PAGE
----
William & Mary

Manos: The research imperative at W&M

  • Dennis Manos
    Dennis Manos  The College's vice provost for research called the Integrated Science Center "a progression in the trend of how we do business in the sciences."  
  • Dennis Manos
    Dennis Manos  He believes the College definitely is playing in the big leagues when it comes to research activity.  
  • Dennis Manos
    Dennis Manos  The professor suggested that the big problems of science, such as "what allows the emergence of structure from apparently chaotic, random statistical forms," remain to be solved.  
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Solving the great challenges confronting science today requires an ever-increasing integration of the academic disciplines, according to Dennis Manos, vice provost for research and graduate/professional studies at the College of William and Mary.

His belief is expressed in the design of the three-phase Integrated Science Center being constructed on campus. Phase 1 of the ISC, which opened for the Winter 2008 semester, brought together the College’s chemistry and biology departments. Phase 2 and phase 3 are designed to further the push toward integrated spaces that will facilitate inter-departmental conversations and cross-disciplinary collaboration. (See Governor tours ISC).

“I tend to see the ISC as a progression in the trend of how we do business in the sciences at William and Mary,” Manos explained. “That trend is away from the isolated, individual investigator working on one or two problems in a narrowly defined discipline toward engagement in solving larger-scale problems through teamwork.”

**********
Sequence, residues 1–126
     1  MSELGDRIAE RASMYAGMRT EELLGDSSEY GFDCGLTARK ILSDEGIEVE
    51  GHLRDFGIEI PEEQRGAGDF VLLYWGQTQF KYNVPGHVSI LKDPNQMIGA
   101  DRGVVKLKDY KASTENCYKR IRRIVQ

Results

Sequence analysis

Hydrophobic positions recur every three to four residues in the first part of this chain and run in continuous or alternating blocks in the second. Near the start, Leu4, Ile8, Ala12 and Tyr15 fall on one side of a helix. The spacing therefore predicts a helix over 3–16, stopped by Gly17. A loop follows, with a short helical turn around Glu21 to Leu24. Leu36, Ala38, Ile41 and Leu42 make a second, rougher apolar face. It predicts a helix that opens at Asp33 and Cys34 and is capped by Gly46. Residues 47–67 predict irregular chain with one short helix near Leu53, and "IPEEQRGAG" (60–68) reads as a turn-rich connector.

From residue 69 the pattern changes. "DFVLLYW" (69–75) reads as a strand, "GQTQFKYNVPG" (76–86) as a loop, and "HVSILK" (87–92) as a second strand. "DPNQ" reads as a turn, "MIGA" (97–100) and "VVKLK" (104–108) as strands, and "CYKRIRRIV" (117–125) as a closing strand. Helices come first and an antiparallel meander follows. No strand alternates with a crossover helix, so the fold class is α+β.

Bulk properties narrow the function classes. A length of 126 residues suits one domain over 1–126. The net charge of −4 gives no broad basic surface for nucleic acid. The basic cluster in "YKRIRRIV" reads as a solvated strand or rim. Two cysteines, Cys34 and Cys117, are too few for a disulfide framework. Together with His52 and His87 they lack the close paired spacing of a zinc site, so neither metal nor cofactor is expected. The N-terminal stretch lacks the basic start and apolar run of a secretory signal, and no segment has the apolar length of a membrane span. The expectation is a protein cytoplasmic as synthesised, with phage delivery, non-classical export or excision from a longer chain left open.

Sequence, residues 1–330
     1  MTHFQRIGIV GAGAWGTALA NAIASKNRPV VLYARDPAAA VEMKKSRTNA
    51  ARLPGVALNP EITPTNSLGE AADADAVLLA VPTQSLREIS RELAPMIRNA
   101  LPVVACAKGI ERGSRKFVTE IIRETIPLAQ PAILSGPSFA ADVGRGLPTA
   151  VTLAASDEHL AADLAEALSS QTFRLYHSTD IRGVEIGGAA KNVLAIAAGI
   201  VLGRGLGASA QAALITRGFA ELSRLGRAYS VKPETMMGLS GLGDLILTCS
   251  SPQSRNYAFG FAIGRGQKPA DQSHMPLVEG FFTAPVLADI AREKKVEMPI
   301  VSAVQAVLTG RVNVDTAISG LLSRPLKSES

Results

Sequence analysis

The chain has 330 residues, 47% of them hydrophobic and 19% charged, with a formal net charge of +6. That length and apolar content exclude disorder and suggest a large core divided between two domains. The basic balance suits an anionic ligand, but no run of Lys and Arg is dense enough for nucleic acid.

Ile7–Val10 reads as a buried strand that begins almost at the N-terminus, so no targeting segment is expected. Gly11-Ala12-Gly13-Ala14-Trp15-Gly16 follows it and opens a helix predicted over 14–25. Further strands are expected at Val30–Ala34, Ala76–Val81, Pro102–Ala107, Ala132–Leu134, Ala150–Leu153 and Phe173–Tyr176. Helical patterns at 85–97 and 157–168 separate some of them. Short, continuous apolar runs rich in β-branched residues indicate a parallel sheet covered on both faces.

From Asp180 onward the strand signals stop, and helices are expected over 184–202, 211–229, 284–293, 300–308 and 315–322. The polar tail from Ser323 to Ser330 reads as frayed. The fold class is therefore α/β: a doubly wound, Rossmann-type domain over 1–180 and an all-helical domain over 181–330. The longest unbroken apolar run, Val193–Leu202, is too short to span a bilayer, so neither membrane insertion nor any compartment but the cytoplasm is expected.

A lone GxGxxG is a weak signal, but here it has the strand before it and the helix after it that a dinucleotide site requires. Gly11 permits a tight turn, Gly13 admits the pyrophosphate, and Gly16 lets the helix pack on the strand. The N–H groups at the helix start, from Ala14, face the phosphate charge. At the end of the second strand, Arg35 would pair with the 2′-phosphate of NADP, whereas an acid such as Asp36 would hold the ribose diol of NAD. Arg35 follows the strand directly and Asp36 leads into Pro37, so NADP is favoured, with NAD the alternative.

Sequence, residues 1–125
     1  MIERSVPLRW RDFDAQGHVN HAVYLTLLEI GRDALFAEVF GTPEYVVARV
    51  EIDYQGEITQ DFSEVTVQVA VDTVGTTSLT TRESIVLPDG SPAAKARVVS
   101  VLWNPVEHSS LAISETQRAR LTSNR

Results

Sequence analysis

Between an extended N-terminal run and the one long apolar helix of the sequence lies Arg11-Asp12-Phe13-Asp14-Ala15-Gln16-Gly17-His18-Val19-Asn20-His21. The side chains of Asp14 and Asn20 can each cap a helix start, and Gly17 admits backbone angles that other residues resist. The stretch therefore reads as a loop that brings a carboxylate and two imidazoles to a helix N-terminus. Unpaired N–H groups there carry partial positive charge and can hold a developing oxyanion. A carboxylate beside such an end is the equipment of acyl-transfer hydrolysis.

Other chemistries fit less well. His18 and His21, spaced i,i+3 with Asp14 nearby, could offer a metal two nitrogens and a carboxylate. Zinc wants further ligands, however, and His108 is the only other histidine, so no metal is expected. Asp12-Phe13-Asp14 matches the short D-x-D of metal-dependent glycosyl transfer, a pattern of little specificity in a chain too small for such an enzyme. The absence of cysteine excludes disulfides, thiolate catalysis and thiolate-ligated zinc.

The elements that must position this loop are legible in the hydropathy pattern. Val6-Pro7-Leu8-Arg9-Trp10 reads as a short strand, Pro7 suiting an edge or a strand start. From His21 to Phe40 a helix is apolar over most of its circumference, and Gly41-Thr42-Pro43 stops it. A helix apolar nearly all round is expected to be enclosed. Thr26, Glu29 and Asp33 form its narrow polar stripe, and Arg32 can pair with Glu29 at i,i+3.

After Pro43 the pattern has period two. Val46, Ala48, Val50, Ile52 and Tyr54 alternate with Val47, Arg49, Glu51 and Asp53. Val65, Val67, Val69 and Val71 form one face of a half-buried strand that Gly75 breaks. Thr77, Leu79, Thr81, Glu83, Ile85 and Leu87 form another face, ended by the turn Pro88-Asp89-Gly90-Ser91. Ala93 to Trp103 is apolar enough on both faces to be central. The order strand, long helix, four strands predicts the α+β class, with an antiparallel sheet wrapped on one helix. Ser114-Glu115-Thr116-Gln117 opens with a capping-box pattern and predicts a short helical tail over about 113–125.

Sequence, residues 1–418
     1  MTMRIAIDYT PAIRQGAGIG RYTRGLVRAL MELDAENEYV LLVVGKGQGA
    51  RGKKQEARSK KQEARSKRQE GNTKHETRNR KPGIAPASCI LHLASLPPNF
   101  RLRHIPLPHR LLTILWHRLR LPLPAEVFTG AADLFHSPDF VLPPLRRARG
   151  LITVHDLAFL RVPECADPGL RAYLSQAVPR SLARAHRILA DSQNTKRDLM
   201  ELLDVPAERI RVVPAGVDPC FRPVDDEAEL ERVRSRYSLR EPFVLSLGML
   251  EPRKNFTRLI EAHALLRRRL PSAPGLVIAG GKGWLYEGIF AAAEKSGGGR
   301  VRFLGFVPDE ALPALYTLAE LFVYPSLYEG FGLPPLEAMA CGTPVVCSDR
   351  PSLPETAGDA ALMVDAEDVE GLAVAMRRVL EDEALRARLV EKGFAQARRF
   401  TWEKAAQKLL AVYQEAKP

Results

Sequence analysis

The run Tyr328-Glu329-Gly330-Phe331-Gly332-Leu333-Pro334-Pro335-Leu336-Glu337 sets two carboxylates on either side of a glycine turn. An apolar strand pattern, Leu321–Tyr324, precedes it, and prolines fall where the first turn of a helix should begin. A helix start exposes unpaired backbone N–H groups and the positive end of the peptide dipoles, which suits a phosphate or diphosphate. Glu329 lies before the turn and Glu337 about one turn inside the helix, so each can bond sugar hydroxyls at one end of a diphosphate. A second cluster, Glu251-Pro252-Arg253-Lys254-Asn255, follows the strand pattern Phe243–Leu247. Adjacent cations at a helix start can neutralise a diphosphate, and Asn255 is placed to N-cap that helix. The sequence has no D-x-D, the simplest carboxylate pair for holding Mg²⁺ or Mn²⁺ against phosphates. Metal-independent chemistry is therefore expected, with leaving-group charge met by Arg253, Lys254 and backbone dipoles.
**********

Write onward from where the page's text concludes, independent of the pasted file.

In practical terms, Manos suggested that integrated science becomes visible when one mentally deconstructs the overlapping care provisions in a modern hospital or the profusion of digital gadgets routinely available on cars today.

“On the street, integrated science occurs in every hospital; patients are complicated things and diagnosing and treating their ailments requires a confluence of many separate skills and disciplines,” Manos said. “It also occurs in nearly every consumer product from airplanes to automobiles, and it is the very core of what will be needed in terms of alternative energies if our nation is to survive the crisis of peak oil, the effects of pollution on a global scale and the need for cradle-to-cradle materials to support a sustainable, continuously improving, style of life for all of our citizens.”

William and Mary is considered a “high-activity” research center among the nation’s universities, despite the absence of a medical or an engineering school at the College. “We definitely are playing in the big leagues,” Manos said. In order to continue to occupy a pre-eminent position, researchers at the College must utilize teamwork to enable them to solve the “big” problems, which Manos identified, in part, as “what allows human beings to self-reflect, what allows natural structures to self-assemble and what allows the emergence of structure from apparently chaotic, random statistical forms.”